The legal environment regulating the ownership, sale, and rental of real-estate properties plays a very important role in defining the character of the city. This clearly is evident upon examining the evolution of the law governing the rental of real-estate properties in Jordan. The law has been a subject of considerable contention, as evident in the passionate articles that regularly appear about it in the local press.
The law governing the rental of real-estate properties was modified in 2000. Before that, the tenant basically could continue renting a property indefinitely, and at the same initial rent irrespective of the terms of the rental contract. The government did have the authority to stipulate rent increases, but only did so on a couple of occasions. The owner would never be able to terminate the lease as long as the tenant paid the rent. However, the tenant always held the right to vacate the property at the end of a given year if he or she wished to do so. The rights of the tenant were extensive, and in many cases, the tenant even could pass on the rental agreement to his or her inheritors. As a result, the renting of real-estate properties was not a particularly rewarding investment in Jordan since the value of the initial rent would be eaten up by inflation year after year, and the owner would end up getting a very poor return on his or her initial investment.
As part of Jordan's policies of economic liberalization, this law was amended in 2000. Accordingly, all new rental agreements now are governed by the rental contract, and the owner or tenant would be able to renegotiate new terms upon the expiry of the period of the contract, or simply choose not to review it. As for rental agreements carried out before 2000, a grace period of ten years was provided for them during which the preexisting law would remain in effect. After that, the new law would be applied.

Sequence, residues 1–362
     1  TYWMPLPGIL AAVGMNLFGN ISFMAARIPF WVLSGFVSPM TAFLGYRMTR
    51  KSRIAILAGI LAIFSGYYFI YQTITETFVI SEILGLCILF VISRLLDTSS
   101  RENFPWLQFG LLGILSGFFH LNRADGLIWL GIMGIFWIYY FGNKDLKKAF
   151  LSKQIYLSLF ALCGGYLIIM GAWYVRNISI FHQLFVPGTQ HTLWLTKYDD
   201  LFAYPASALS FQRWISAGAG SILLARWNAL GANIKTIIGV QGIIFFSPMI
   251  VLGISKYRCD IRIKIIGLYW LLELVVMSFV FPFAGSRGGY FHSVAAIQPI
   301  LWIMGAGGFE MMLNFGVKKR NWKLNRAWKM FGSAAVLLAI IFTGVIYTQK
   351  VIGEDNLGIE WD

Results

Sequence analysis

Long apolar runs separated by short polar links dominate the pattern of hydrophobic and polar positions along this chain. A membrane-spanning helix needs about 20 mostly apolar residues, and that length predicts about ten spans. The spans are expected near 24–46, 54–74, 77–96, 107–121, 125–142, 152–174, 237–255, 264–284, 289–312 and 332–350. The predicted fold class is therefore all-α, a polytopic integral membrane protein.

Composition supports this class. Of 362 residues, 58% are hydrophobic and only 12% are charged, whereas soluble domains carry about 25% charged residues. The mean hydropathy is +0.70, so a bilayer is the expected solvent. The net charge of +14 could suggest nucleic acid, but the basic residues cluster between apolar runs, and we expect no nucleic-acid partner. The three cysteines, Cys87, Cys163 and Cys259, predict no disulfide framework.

The new law has had positive effects. Ownership of residential units in Jordan has increased considerably since many tenants now find it preferable to pay a mortgage that leads to ownership than pay rent and renegotiate rental contracts, or have to vacate a property upon the expiry of a contract. Also, rents have gone down for new contracts. This is partly because owners who previously were not willing to rent out properties because of the restrictions imposed by the old law now are willing to do so. This has brought about an increase in the supply of rental properties.
Not surprisingly, tenants with rental contracts from before 2000 are not happy with the new law, and a number of them, primarily business owners who rent their shops, are trying to get it repealed. The old law clearly was biased towards them since it allowed them to indefinitely occupy properties for very low rents. In other words, the old law provided tenants with a subsidy underwritten by the property owner. Clearly, those tenants do not want the advantages that the old law offered them to end.
Although many tenants from the pre-2000 period are not happy with the new law, it nonetheless provides an improvement in the investment climate in Jordan. Another interesting benefit of the new law is that it will significantly contribute to limiting the dilapidation of buildings in our cities. The old law brought about a rather curious psychological frame of mind according to which neither the tenant nor the owner had any interest in setting aside resources for the maintenance of rented properties once a few years of the period of a rental contract passed. The tenant, although for all intents and purposes would be able to occupy the property indefinitely, had no interest in maintaining it since he or she did not own it. Also, since the real value of the rent went down year after year as a result of inflation, it would be difficult to demand proper maintenance from the owner since he or she eventually would not be making a fair return on investment. In contrast, under the new law, the tenant has every right to demand from the owner adequate maintenance of the property since that tenant is paying market rates for it. Also, the owner has every interest in maintaining the property in good condition. A dilapidated property would become less attractive to tenants, and the value of its rent would go down.
June 10, 2004